Japan’s reading culture

05:28 05/20/2024

Those who have used public transportation in Japan have surely at least once caught sight of people reading books, newspapers, and such during their commute.

It doesn’t just stop there: You can catch glimpses of people reading in public everywhere throughout the country: in parks, bookstores, and even when standing in line for restaurants.  It is well-known worldwide that the Japanese have a strong and deep-rooted reading culture. But have you ever wondered why this is the case? 

In this article, let’s explore the history of reading in Japan to find an answer to why Japanese people are such avid readers, as well as various other elements that come into play in shaping the country’s culture and its people’s mindset towards reading! 

1. The history and evolution of reading in Japan 

The Japanese’s love for reading comes hand in hand with the evolution of language over the course of the nation’s history. 

 The earliest traces of the Japanese reading culture can be found in the 5th century, with the introduction and implementation of Chinese logographs (Kanji) to the national Japanese language. Since then, reading went from being a communal and performative activity, often accompanied by other elements such as music, to becoming an indispensable part of everyday life along with the evolution of printing technology and the expansion of literacy. 

The following sections will dive into the role and influence of various actors in forming the admirable Japanese reading culture. 

2. The role of the government

One of the most important elements that contributed to the formation of the reading culture in Japan is the active role of the government. 

After World War II, Japan underwent various major transformations, one of which was education reform. Highlighting the importance of education in helping the country recover after the war, the Japanese government at that time introduced a series of laws, regulations, and educational programs to promote literacy and increase citizens’ access to education. 

This can be observed in the Fundamental Law of Education. Enacted in 1947, the law set out the cornerstones for education in Japan during the post-war period in (1) guaranteeing academic freedom for all Japanese citizens, (2) extending the length of compulsory education from elementary (6 years) to junior high school (9 years), as well as (3) coeducation. 

Throughout the course of time, the government also introduced many other significant legislations and programs to further address pre-existing problems and promote efficiency in the educational system. 

3. The role of the school 

In Japan, almost every school, no matter whether it’s elementary, junior high, or high school, has a library and a school librarian. Kindergartens may not have libraries in the typical sense that schools of other levels do but they oftentimes will have a collection of books and educational material for their students. This is to give the students easier access to books, as well as incentivize them to read more.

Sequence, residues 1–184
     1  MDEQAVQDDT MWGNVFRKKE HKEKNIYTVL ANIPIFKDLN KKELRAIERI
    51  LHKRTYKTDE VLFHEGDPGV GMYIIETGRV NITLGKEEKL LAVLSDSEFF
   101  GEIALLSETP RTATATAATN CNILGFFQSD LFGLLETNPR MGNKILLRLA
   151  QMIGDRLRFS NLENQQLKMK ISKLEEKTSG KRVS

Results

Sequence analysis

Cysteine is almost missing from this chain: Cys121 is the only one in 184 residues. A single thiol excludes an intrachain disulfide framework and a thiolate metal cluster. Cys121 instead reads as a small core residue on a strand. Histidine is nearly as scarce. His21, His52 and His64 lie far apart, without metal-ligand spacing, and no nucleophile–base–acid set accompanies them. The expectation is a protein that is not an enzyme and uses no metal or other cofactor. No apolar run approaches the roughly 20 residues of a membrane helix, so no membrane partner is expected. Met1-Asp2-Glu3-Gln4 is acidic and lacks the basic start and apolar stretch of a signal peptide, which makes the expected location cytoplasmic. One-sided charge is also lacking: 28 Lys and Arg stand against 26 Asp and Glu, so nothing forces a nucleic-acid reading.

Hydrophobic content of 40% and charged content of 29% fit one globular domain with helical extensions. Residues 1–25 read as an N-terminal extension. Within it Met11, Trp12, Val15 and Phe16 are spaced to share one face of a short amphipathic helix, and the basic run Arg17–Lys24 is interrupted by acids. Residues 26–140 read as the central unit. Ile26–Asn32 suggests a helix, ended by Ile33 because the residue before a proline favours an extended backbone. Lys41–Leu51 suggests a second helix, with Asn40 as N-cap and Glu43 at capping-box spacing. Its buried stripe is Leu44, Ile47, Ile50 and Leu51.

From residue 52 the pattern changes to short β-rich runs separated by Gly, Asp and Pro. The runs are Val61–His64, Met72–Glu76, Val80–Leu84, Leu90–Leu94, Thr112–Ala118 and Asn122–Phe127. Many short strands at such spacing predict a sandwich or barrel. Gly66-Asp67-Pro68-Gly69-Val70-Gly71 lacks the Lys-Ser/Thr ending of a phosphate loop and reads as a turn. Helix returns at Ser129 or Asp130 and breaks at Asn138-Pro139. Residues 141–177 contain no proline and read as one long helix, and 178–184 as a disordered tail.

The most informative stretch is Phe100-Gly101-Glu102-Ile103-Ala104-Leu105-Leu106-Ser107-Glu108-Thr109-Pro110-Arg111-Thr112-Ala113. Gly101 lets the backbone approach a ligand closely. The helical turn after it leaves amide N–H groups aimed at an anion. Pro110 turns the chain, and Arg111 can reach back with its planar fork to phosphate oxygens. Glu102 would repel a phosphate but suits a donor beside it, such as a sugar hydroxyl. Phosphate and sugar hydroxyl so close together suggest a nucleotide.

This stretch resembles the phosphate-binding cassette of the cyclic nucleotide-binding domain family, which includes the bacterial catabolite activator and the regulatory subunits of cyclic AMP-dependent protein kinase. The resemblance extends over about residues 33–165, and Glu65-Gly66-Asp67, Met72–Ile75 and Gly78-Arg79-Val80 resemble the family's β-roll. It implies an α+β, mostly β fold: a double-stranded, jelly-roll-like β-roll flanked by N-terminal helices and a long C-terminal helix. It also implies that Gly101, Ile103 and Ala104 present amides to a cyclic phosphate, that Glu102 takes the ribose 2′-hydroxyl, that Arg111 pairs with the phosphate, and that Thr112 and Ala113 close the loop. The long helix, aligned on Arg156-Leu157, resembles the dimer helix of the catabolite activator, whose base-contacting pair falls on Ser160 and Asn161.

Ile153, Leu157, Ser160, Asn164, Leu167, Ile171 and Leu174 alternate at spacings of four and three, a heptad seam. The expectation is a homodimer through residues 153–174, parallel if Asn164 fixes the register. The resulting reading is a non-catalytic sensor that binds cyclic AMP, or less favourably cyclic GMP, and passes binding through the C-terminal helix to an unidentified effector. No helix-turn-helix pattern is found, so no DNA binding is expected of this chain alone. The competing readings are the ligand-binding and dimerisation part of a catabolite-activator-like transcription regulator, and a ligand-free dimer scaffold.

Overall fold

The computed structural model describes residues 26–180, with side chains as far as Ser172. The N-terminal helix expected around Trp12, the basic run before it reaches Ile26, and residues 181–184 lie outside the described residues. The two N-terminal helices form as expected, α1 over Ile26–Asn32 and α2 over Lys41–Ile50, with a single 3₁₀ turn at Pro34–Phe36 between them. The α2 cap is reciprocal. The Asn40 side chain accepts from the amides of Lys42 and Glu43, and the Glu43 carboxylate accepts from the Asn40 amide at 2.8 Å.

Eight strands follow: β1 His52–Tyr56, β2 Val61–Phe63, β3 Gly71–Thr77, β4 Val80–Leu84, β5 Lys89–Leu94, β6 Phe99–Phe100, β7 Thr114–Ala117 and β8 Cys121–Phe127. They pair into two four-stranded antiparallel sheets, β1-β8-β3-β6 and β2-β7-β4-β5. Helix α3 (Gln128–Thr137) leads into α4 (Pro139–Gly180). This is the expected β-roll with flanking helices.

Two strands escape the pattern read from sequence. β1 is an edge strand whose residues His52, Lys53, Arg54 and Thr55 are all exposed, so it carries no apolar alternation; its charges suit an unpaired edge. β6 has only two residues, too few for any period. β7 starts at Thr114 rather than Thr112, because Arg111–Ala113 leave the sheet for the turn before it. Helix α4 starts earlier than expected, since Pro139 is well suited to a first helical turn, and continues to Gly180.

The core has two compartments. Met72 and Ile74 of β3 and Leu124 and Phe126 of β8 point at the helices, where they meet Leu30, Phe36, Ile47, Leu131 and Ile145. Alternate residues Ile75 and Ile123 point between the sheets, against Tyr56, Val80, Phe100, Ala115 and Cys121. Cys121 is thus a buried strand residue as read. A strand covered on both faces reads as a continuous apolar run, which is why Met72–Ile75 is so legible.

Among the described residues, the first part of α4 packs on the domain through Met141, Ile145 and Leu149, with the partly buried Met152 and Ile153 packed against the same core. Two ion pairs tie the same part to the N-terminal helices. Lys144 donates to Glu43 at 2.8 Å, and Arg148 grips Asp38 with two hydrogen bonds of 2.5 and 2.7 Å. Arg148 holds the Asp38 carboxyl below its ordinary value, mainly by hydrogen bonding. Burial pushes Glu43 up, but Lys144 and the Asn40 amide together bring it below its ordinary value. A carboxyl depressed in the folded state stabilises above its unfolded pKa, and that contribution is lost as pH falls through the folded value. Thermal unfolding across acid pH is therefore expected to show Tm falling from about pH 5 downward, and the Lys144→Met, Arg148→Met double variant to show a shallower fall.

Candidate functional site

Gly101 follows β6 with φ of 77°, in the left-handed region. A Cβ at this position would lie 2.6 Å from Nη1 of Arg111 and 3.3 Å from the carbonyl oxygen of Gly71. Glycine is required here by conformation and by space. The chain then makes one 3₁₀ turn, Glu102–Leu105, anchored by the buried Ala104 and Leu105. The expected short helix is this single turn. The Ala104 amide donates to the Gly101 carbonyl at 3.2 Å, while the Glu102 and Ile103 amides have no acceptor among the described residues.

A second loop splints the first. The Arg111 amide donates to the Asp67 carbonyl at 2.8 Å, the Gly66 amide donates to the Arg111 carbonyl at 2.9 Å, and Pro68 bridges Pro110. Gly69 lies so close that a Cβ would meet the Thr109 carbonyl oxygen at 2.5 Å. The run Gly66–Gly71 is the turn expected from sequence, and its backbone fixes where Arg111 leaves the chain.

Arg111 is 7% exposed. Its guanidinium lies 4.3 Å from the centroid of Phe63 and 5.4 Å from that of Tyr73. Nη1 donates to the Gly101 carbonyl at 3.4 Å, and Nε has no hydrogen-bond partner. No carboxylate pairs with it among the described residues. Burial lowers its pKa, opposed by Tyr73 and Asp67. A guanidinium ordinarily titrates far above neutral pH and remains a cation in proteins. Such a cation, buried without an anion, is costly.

Additionally, schools in Japan also carry out different activities to help form and promote students’ reading habits, such as kindergarten teachers reading books to students and specifying “reading time” in addition to normal classes for elementary students. 

4. The role of the family

Family also plays an indispensable role when it comes to shaping Japanese reading culture. Japanese culture values the importance of education and success in life, in the sense that the latter is synonymous with academic success. There is also much emphasis on the need to equip oneself with as much knowledge as possible to be able to “survive” in the harsh society.

And there is no better way to do so than to read. This explains why many Japanese households will introduce their children to reading from their early days. 

5. Variety, inclusivity, and the print culture in Japan 

Another crucial element that we cannot fail to mention is the wide variety of genres and formats of reading in Japan that cater to all different types of audiences. 

This element can be easily observed in the manga community in the country. The first is in terms of genre. Manga in Japan is divided into different genres for different age groups and different interests, with some even political.  The mangas themselves are also available in many different formats, from periodic (such as weekly/monthly/quarterly) magazines where many different series are published together to tankobon, which is a standalone book of one specific series. 

One actor also worth noting is the print culture here. One thing about Japan is that the people here love physical copies, with the same applies to reading as well. Books in Japan are also often available in smaller sizes and printed using lightweight materials, with some stories divided into different books so that they don’t take up much space and can be carried around to read on the go. 

In this article, GoEMON has introduced you to various actors contributing to the deep-rooted reading culture in Japan. Indeed, the Japanese’s love for books is truly admirable. What do you think about this cultural aspect? Feel free to share with us in the comments down below! 

Don’t forget to follow GoEMON Global for the latest updates on life in Japan!